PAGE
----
Bittersweet brilliance: PETER HOSKIN reviews Xenoblade Chronicles 3
Xenoblade Chronicles 3 (Nintendo Switch, £49.99)
Verdict: Bittersweet brilliance
If you were to show this game to any normal person for five minutes, then it – and you – might look silly. There’s the name, for starters: Xenoblade Chronicles 3, a mashup of words that borders on the parodic.
Then there’s what would actually be happening: big-eyed characters bantering with each other before unsheathing oversized swords and using them to wallop what look like… recalcitrant rabbits?
But anyone who spends more than five minutes with Xenoblade Chronicles 3 will discover one of the finest games of the year. It might even be one of the best games of its kind ever made.
The characters in this game are effectively child soldiers, created to fight in a never-ending war, they have a shelf-life of ten years, after which point they simply disappear
It helps that this third Xenoblade Chronicles game doesn’t require any knowledge of the previous two. Sure, it follows them in design: you guide a band of buddies through a verdant futurescape and an epic, apocalyptic story over dozens of hours. And, it’s true, there are moments of narrative overlap for, er, Xenoblunatics like me.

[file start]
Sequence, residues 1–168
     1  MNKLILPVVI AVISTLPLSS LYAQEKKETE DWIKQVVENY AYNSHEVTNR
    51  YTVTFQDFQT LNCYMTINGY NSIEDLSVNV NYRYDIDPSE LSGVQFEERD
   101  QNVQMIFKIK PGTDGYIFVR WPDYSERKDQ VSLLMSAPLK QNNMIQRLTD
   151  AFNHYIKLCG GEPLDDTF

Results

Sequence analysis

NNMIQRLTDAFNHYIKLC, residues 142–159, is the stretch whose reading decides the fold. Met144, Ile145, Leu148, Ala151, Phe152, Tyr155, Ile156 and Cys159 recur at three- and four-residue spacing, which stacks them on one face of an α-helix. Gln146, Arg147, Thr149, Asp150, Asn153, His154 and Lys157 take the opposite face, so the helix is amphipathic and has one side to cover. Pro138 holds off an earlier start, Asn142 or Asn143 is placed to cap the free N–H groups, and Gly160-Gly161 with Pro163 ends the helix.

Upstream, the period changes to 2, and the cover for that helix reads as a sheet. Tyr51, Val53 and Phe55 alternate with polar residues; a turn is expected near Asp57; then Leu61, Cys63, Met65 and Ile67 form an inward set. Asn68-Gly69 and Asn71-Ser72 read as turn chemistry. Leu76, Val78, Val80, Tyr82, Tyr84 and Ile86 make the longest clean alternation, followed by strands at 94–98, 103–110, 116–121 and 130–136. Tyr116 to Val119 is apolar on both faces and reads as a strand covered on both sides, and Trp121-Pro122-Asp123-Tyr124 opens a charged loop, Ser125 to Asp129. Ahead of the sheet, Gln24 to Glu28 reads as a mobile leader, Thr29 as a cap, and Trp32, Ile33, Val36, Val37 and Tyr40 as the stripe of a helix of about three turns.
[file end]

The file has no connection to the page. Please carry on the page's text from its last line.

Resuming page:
But, on the whole, Xenoblade Chronicles 3 is a model of self-containment that plays more like the first entry in a new series than the third in a decade-old one. Everything is introduced as though from scratch.
This is particularly noticeable in the case of the combat. There’s a lot going on whenever you bump into an unfriendly animal (or worse) in the wild: special moves, tactical positioning, hard-hitting combos, commands for your other party members… the screen becomes a jumble of icons and colours.
Anyone who spends more than five minutes with Xenoblade Chronicles 3 will discover one of the finest games of the year. It might even be one of the best games of its kind ever made.
It could all be very confusing, particularly if Xenoblade Chronicles 3 didn’t take the time to explain all its systems one by one. As it is, however, the combat soon becomes instinctual – and a joy.
But don’t worry: Xenoblade Chronicles 3 isn’t too straightforward. It’s welcoming, but that is a different thing. The gameplay offers more than enough challenge for veterans, and the story is, in very intentional ways, plenty challenging too.
Oh, yes, I forgot to mention: the characters in this game are effectively child soldiers, created to fight in a never-ending war. They have a shelf-life of ten years, after which point they are simply disappeared. For all its beauty – and Xenoblade Chronicles 3 certainly looks beautiful on the Switch – this is a dark, sad world, defined by death. That’s what you are fighting for. And against.
So: sad, beautiful, challenging, welcoming, silly… somehow Xenoblade Chronicles 3 manages to be all of these things and quite a few more. Just watch out for those bunnies.